Tip: The best part about fishing with night crawlers is that you can catch just about anything that swims, bass, walleye, trout, carp, or various panfish species are welcome additions to any fishing trip.

The two hook rig discussed above is a great way to spread out the crawlers to create a natural-looking presentation. The added bulk allows for more scent dispersal and the night crawlers will stay lively longer as they are hooked less and have more freedom to move.

Chicken Livers

I would bet that more catfish have been caught on chicken livers than by any other bait. They are available in the meat department of your local grocery store and are very inexpensive. The strong, metallic scent of chicken livers calls catfish in from long distances and is a great way to create a productive area. While chicken livers are widely available, fresh cow, turkey, or pig livers are also good options and can be easily secured by connecting with your local livestock farmer. Often, swinging by a farm near butchering time with a hot coffee and a doughnut will get you a season’s worth of bait.

Tip: Use long and slow casting mechanics to “lob cast” livers, hard casts will almost certainly result in lost bait.

The common complaint with chicken livers is that they are very hard to keep hooked as they easily rip and tear upon contact with the water or during the cast. Some folks create sacks with bait mesh or reinforce the hooked liver with elastic string. I don’t prefer that approach as I feel the added materials often end up being lost in the water. The key is to hook the liver the least amount of times possible which limits the possibility of tearing. Small light hooks have the give needed to allow for flexibility during the cast.

To properly rig chicken livers, a few basics need to be learned. The livers of most birds are composed of two deep red-colored lobes that are joined by a thicker cartilage at the center. The yellow stringier parts are simply fat and impossible to keep on the hook. Some livers are processed with the gallbladder still attached which looks like a small green ball. These hold an unbelievable amount of scent and should be utilized at all costs. With most standard-sized livers I prefer to choose one lobe to use at a time. On smaller livers, both lobes can be used at once.

Even when purposefully chasing smaller-size fish, I do not believe in necessarily downsizing presentation. Catfish have enormous mouths and even small fish can handle hefty baits. I strongly feel that scent is your best friend when chasing these fish in small areas, more bait on the hook means more scent will be in the water for cats to pick up on.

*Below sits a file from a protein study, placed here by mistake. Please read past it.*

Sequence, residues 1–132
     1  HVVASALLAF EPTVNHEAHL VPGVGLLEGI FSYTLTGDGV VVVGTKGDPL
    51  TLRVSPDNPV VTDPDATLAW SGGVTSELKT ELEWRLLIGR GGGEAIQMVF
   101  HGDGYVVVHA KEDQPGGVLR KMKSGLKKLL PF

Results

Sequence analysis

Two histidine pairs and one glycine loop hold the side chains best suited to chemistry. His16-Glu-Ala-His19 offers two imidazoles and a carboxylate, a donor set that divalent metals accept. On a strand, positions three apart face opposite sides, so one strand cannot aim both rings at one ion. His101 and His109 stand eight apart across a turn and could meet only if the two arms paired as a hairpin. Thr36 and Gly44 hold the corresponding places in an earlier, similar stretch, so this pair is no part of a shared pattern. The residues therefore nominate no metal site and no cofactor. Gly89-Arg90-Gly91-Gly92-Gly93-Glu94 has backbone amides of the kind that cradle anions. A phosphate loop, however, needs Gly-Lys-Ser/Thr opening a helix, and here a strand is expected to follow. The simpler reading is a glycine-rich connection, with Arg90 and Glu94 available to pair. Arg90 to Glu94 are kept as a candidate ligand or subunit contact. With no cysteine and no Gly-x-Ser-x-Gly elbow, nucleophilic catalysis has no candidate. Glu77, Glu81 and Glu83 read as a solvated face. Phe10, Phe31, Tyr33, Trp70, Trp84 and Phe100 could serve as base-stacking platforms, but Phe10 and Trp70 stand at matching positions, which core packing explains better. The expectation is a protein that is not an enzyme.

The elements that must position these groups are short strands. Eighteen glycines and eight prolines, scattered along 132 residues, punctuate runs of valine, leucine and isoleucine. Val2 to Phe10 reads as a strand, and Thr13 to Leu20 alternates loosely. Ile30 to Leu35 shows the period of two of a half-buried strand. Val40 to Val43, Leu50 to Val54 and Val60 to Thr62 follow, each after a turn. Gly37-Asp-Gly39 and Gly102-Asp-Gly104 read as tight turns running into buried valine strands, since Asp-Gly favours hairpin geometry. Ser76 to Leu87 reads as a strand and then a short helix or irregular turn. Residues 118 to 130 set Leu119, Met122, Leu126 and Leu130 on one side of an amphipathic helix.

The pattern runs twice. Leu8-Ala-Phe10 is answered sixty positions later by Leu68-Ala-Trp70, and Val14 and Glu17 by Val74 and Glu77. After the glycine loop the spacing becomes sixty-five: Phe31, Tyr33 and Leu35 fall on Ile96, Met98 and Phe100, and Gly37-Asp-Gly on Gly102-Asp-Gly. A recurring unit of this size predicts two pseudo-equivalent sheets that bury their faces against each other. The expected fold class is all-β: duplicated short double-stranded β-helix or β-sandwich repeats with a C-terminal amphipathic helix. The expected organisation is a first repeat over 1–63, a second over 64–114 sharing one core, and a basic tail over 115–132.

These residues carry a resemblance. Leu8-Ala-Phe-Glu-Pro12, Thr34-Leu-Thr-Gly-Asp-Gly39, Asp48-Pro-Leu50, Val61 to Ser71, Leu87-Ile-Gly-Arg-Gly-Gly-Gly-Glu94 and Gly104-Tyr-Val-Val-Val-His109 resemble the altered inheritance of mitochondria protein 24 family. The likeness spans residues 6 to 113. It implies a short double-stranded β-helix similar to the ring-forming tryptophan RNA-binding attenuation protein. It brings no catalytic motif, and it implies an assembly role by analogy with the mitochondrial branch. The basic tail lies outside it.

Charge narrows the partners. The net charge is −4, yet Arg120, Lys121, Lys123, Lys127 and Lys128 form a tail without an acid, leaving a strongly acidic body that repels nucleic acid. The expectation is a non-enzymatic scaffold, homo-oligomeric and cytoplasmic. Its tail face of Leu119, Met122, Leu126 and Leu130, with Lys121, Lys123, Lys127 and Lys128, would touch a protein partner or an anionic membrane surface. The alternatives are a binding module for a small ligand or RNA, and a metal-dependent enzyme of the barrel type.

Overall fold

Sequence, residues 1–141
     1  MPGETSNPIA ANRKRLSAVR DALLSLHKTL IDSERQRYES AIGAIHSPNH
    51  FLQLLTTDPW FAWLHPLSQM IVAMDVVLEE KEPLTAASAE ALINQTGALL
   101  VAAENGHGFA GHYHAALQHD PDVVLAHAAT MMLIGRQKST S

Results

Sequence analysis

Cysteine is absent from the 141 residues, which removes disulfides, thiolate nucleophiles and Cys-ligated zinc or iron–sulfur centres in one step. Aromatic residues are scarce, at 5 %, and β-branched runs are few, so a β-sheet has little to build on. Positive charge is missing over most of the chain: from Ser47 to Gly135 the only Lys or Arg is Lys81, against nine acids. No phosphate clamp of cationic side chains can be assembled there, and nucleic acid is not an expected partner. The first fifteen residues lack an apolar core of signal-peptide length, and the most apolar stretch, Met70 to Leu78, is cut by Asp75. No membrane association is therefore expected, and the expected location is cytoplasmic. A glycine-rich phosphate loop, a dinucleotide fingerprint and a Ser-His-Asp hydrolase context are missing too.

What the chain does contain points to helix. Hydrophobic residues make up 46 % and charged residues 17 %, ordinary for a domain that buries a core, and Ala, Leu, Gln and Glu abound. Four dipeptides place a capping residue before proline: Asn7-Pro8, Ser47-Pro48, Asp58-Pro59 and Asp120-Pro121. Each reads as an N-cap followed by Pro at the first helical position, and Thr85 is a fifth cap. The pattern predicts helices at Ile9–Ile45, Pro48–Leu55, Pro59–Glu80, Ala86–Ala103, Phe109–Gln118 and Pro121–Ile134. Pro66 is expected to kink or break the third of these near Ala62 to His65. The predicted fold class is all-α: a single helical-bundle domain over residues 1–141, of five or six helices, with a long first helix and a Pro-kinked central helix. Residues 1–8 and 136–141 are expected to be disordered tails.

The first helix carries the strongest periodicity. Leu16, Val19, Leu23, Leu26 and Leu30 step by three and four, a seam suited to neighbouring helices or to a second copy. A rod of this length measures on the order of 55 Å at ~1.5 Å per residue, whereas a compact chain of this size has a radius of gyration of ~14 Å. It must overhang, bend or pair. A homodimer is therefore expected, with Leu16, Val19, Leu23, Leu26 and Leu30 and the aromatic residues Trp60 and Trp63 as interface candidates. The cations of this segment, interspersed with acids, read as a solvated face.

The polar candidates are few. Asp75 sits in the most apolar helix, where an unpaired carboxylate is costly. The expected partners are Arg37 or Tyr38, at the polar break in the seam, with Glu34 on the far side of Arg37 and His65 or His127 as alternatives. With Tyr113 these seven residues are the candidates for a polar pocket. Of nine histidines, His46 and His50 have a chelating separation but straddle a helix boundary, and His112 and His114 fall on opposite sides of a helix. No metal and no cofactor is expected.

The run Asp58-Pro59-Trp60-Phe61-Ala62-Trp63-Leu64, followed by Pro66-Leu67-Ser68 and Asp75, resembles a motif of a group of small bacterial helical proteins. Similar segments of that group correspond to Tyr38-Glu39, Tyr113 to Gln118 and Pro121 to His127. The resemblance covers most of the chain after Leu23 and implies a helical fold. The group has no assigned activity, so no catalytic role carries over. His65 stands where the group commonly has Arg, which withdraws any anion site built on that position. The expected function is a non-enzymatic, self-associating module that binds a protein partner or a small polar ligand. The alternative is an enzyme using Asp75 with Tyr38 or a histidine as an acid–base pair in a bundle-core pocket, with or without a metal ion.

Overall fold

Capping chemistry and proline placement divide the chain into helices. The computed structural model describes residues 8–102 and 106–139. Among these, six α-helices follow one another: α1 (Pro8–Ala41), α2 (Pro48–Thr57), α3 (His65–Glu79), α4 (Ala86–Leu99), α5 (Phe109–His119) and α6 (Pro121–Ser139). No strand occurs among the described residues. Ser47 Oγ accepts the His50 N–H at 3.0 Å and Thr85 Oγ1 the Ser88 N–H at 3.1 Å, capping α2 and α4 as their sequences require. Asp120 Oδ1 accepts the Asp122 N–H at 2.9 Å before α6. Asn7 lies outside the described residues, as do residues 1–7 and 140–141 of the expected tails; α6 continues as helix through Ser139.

Tip: Large “strainer” snags often catch floating debris such as leaves and downed limbs which creates even more quality cover


In smaller river systems, finding catfish in the late fall can be very simple. The two ingredients are depth and cover, preferably wood. It’s important to understand that depth is extremely relative, what’s considered deep in a small creek is often very shallow in larger lakes or river systems. A good rule of thumb is to find the deepest water in a given area. Lastly, never assume a creek or stream is too small to support a decent population of catfish. When craving fish for dinner, my go-to spot happens to be a sluggish creek about fifteen yards wide. The only way to know for sure is to go fishing!

Wood Piles

Next time you find yourself in a location with a lot of catfish, grab a snorkel and swim around fallen trees or wood piles along the bank. You will likely be amazed at how many catfish are present. Small cats especially can be found in these locations as wood holds a myriad of easy food sources such as baitfish, insects, and even algae that grows on the decomposing wood. One little piece of stuck-up timber can hold multiple fish. The snag pictured above holds the bulk of catfish in a half-mile or so section of the creek this time of year.

Current seams

This is not groundbreaking info in the world of catfish but there likely is no better feature to look for in a river than a current seam. Not all seams are created equal, shallower ones are often not quite as appealing, a good rule of thumb is to look for current seams next to deep water. This allows catfish to creep into the current to take advantage of food floating downstream or other prey that becomes disoriented by the heavy main flow, while still having deep water access for cover. Often, fallen timber will end up on the slack side of current seams while being washed down current.


When some people think about fishing for catfish, they immediately think of long hours spent fishing one spot at a time. This is a misconception as most serious catfish anglers have a milk run of productive spots that are cycled through during an outing. It often does not take long to know if an area is productive or not. Try and cast in the same spot over and over if possible, this creates focused scent areas that will draw in fish even if your bait is out of the water. It is common to catch multiple fish quickly for this very reason.

Taking home a few specimens to share with friends is a great way to continue helping elevate the catfish to the elite game fish status they deserve. A standard fish fry is always a great option but fish tacos have quickly become a favorite of mine. I prefer to simply cube fillets and then lightly batter them with a good quality breading mix. After frying, the topping options are endless which creates a fun way to celebrate a good day on the water.